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Mix until combined. If the mixer is straining, dump the dough out onto a flour-dusted counter and knead in the remaining flour. The dough should be firm and not too sticky. It should feel rather like a stiff gingerbread dough.

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Cut into two pieces and pat out into 1 inch-thick discs.

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Wrap tightly in plastic wrap. Seal in a plastic ZipLoc bag and store in a cool place (not the refrigerator) for 1 to 2 days, or up to 4 days.

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Dust the counter generously with flour. Unwrap the dough. If it is very soft and sticky, knead in some of the flour.

If using a cookie cutter or forming rectangles of any size, roll the dough to 1/4 inch or 5 mm thick.

If using a cookie mold, dust the mold with flour, roll dough to appropriate thickness (no thinner than 1/4 inch or 5 mm thick) and press into the mold.

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Turn everything over and whack the back of the mold with a rolling pin (not hard enough to break it) to ensure an impression is made into the thick dough. (Note: deep molds without delicate images work best.)

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Gently lift the mold. Peek under halfway through lifting to see if the entire impression took. If not, replace and press where needed. If the mold is fully removed, it is nearly impossible to line everything up again.

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Cut out the impressed dough.

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Gently transfer to a lightly-greased cookie sheet.  Carefully brush off any excess flour. Some left will not matter. Place in a preheated  350°F/180°C oven. Bake 8 minutes then turn the pan around. Bake about 5 to 7 more minutes. Remove when bottoms are browned, tops are lightly browned and the Printen is still a bit soft. Baking too long results in rock-hard cookies.  Bake one test cookie to be sure the dough is firm enough. If it spreads or the image does not hold, knead a bit more flour into the dough. The dough should not be sticky.

Blend sugar beet syrup and water until it reaches a very watery consistency, about a 1:1 ratio. Immediately upon removing the Printen from the oven, brush the glaze over the tops and sides. Do not let the glaze pool.

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Printen will remain sticky if the coating is not diluted with enough water. Remove hot, glazed cookies to a cooling rack. Allow to cool completely. When the glaze is no longer sticky, store in an airtight container. Printen may also be frozen.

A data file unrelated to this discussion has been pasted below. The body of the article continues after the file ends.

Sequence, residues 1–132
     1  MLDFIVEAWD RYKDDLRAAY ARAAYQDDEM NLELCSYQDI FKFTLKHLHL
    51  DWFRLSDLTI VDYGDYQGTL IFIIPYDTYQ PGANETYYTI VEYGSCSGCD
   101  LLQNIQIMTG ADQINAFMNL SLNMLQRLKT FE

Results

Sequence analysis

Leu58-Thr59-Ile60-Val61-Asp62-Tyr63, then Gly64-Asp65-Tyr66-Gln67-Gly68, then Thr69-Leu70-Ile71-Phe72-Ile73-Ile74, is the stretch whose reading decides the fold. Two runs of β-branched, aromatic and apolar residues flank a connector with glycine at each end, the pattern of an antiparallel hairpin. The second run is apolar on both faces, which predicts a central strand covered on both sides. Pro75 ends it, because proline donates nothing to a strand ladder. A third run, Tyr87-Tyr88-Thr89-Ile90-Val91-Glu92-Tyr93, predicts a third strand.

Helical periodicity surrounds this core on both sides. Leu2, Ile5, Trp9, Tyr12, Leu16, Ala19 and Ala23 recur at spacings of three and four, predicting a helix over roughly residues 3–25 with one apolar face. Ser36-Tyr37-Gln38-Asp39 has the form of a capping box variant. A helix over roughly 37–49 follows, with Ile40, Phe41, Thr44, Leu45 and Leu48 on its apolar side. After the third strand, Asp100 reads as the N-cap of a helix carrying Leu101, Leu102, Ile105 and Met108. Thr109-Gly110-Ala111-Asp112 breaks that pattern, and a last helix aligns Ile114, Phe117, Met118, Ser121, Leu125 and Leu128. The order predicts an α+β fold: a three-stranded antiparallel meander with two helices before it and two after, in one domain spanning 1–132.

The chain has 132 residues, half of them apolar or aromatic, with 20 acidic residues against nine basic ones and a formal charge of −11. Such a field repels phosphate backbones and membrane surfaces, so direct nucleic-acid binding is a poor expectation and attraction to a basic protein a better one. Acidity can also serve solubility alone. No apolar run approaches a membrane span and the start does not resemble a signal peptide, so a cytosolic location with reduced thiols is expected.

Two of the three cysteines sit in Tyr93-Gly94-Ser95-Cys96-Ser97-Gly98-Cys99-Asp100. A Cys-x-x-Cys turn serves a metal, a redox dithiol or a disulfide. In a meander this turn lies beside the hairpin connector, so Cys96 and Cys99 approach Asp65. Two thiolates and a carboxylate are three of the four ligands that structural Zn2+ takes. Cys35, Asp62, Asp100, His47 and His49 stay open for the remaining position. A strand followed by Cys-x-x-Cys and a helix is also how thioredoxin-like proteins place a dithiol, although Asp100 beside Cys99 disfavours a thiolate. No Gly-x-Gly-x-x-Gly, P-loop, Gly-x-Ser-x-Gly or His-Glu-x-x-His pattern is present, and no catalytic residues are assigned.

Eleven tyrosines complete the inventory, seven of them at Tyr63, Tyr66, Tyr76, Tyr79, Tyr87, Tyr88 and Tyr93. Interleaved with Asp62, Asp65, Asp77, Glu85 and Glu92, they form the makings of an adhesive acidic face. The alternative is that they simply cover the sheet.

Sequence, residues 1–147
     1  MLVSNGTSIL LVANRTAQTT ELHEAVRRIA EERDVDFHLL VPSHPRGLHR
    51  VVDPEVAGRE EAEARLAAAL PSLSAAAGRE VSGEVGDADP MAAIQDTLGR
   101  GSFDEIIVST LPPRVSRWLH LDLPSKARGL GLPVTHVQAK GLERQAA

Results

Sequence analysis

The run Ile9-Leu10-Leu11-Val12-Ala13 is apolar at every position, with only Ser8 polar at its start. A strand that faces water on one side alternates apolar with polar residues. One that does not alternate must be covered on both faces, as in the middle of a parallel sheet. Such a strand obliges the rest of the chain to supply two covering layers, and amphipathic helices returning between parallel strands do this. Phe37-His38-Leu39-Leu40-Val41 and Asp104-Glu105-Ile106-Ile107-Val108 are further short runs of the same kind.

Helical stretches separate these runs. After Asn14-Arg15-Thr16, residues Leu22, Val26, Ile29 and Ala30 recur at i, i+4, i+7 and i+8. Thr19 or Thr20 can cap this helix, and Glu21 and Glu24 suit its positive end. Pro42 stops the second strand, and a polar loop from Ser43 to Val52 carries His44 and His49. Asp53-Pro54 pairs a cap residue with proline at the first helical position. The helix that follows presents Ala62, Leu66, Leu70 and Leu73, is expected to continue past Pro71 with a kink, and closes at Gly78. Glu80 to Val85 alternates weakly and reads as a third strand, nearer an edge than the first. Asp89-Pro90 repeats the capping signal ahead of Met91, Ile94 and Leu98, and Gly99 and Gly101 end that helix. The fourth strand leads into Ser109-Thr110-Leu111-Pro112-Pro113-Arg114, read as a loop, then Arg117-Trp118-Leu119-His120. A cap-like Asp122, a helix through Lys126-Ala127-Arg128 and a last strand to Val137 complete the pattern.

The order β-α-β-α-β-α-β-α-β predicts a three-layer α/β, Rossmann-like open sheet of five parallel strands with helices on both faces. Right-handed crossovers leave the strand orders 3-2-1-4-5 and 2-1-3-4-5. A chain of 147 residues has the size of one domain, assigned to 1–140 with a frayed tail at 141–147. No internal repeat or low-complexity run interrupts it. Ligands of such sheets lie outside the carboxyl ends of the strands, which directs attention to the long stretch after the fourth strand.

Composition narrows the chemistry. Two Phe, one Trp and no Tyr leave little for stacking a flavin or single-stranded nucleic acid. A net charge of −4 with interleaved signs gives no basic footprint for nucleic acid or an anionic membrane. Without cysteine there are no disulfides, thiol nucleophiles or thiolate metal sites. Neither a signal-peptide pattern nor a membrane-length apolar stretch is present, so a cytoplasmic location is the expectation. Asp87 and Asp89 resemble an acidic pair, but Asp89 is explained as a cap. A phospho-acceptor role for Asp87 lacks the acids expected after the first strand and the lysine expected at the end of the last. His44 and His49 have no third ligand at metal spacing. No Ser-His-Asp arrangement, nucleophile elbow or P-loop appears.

A view of the mold, the heavily-floured impressed dough before brushing excess flour away and the baked, glazed Printen is below.

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Glazed, cooled and ready to be stored to let flavors mellow. Or eat right away!

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I also made a a batch using my Max and Moritz mold.

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And some cut-outs. If adding nuts, press them into the dough before baking.

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A note on substitutions for sugar beet syrup: While honey, molasses, dark corn syrup and cane syrup are close in consistency, the resulting dough tastes more like gingerbread.  As noted above, the German sugar beet syrup lends a luscious, raisiny taste. The closest substitute I found was a grape molasses at my local middle eastern shop. Petimezi, a Greek grape molasses, may also be used. Many grape molasses are less viscous so may require adding a bit more flour to the dough.

5.0 from 1 reviews
Aachener Printen
 
Ingredients
  • 12 fluid oz. / 500 grams sugar beet syrup (Zuckerrüben Sirup)
  • 3 tablespoons / 45 ml water
  • 2¾ teaspoons / 10 grams potash (Pottasch)
  • (Substitute 1½ teaspoons baking soda if potash is not available
  • 1 tablespoon / 15 ml rum or water
  • ¾ cup / 150 grams / 5¼ oz. brown rock sugar chunks (Krümel Kandis), crushed
  • ½ cup / 100 grams / 3 ½ oz. granulated sugar
  • ⅓ cup / 60 grams / 2 oz. candied orange peel, finely chopped
  • 2 teaspoons cinnamon
  • 2 teaspoons coriander